I am now going to revisit the marking matrix (see http://www.doceo.co.uk/academic/marking.htm, for an up-coming module to check that it provides guidance on how to improve, rather than mere condemnation of aspects of failure. Perhaps then students will be able to summon up the courage to read it.

25 April 2006

On jargon

This is not just another excuse to publicise the article the heading links to. Honest!

I passed on the link above to my brother, who responded;

Thanks for the TES web site reference - I have just had a look at it although I didn't understand much of what it was about! [...] By the way, what are 'givens'?
How could anyone not understand it? Very easily. When Richard drew attention to it, I re-read it from the viewpoint of a non-teacher, and I was surprised by the jargon phrases which pepper it. We have developed a private/professional language which excludes those who are not privy to it, but it has crept up on us, so it takes an "outsider" to draw attention to it.

This problem (?) is endemic to all occupational groups. The more we develop a professional shorthand, the more we exclude those who do not share it. We expect it of doctors, lawyers, and engineers; it is part of their mystique, and some of them cultivate it for their own vested interests.

But teachers? We are supposed to be committed to the dissemination of knowledge, rather than to corralling it. OK, there is a necessary professional jargon, largely enshrined in abbreviations, about GCSEs, NVQs, OCN, SEN, NQF levels and the like (and don't worry if you don't know what all of them mean—that merely reflects sub-divisions within the whole).

But education belongs to everyone. In the jargon (of course) of current political discourse, everyone is a "stakeholder" in education. So our language should be as transparent as possible. (That, of course, is an example of the kind of insidious jargon I am talking about; it means "everybody should be able to understand what we are talking about")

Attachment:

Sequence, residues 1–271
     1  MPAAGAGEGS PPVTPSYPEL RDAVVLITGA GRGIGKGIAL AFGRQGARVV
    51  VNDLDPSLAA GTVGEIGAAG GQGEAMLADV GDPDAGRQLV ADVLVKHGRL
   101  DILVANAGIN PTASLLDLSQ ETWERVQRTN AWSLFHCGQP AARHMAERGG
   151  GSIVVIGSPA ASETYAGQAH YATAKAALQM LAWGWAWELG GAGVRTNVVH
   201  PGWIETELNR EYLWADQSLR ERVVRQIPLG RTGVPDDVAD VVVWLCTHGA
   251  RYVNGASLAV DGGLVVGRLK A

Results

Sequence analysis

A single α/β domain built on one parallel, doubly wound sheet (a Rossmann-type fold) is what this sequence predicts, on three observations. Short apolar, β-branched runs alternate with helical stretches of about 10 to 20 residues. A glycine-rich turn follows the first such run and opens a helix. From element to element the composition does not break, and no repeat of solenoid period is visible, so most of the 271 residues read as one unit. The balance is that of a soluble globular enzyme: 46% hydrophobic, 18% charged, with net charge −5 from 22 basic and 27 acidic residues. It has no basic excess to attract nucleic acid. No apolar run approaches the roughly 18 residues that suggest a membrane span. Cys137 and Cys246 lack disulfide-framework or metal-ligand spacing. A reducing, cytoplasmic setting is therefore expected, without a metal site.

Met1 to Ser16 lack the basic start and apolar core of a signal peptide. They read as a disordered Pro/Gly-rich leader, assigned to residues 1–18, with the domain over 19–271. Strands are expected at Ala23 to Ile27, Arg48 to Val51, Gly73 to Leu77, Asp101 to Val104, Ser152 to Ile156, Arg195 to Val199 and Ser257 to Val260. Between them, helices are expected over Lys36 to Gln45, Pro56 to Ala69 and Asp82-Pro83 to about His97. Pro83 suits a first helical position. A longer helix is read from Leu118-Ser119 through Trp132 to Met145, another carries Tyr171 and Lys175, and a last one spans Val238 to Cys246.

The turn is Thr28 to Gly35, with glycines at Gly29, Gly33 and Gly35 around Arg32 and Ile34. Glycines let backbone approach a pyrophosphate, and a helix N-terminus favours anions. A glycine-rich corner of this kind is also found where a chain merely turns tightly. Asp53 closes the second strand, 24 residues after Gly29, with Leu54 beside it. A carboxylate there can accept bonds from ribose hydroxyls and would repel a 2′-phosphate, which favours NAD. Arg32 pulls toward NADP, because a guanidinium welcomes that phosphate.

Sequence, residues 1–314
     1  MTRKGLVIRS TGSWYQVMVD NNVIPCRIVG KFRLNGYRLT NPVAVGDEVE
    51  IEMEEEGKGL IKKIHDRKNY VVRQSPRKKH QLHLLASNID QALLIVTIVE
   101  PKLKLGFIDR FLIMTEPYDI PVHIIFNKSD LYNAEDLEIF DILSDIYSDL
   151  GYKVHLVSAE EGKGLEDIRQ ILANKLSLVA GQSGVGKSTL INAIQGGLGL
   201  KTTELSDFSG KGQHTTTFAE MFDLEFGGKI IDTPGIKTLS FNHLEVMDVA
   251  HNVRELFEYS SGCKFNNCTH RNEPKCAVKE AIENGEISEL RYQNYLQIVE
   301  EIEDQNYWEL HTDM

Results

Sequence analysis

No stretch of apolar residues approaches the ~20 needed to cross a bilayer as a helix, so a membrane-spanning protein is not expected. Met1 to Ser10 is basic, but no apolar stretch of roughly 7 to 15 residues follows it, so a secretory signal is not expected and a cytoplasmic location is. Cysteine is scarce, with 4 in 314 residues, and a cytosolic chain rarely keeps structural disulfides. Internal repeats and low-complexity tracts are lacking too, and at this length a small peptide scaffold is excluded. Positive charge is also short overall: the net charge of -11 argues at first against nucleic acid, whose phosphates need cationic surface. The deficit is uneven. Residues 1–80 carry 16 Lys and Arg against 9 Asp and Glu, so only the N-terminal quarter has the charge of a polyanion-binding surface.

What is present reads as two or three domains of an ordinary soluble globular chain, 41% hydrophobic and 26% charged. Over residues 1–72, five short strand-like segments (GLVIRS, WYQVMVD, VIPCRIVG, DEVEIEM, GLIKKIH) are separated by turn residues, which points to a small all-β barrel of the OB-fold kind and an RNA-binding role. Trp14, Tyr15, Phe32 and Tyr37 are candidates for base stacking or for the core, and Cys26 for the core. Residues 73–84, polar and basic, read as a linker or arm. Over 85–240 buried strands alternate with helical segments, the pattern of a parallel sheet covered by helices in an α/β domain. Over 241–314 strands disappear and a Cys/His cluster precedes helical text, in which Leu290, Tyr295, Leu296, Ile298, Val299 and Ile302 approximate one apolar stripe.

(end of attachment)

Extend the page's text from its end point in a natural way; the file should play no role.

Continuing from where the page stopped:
Most of the feedback (what's that? It refers to email messages about my websites—yes, I know that is jargon, too, but how far can you prune it back? That's a serious question... as is the use of gardening metaphor... My brain hurts! And that's an allusion to Monty Python...)

As I was saying before I rudely interrupted myself— Most of the feedback about my sites compliments me on avoiding jargon (or at least on de-mystifying it), but it comes from people within the teaching/learning/education community, who just don't notice the extent to which we have developed a private language.

And: "what is a 'given'?" It is shorthand for a "given truth; an idea which is so self-evidently true that there is no point in questioning it. a.k.a 'no-brainer'. 'Given' as in 'handed down from above with impeccable authority'" Self-evident, isn't it? No. Not if you are a chemical engineer.

But then, I haven't a clue what he is talking about within his discipline.

The difference is, that apart from extreme situations like public inquiries into pollution, my brother has no obligation to be "transparent" to the rest of us. But educators do.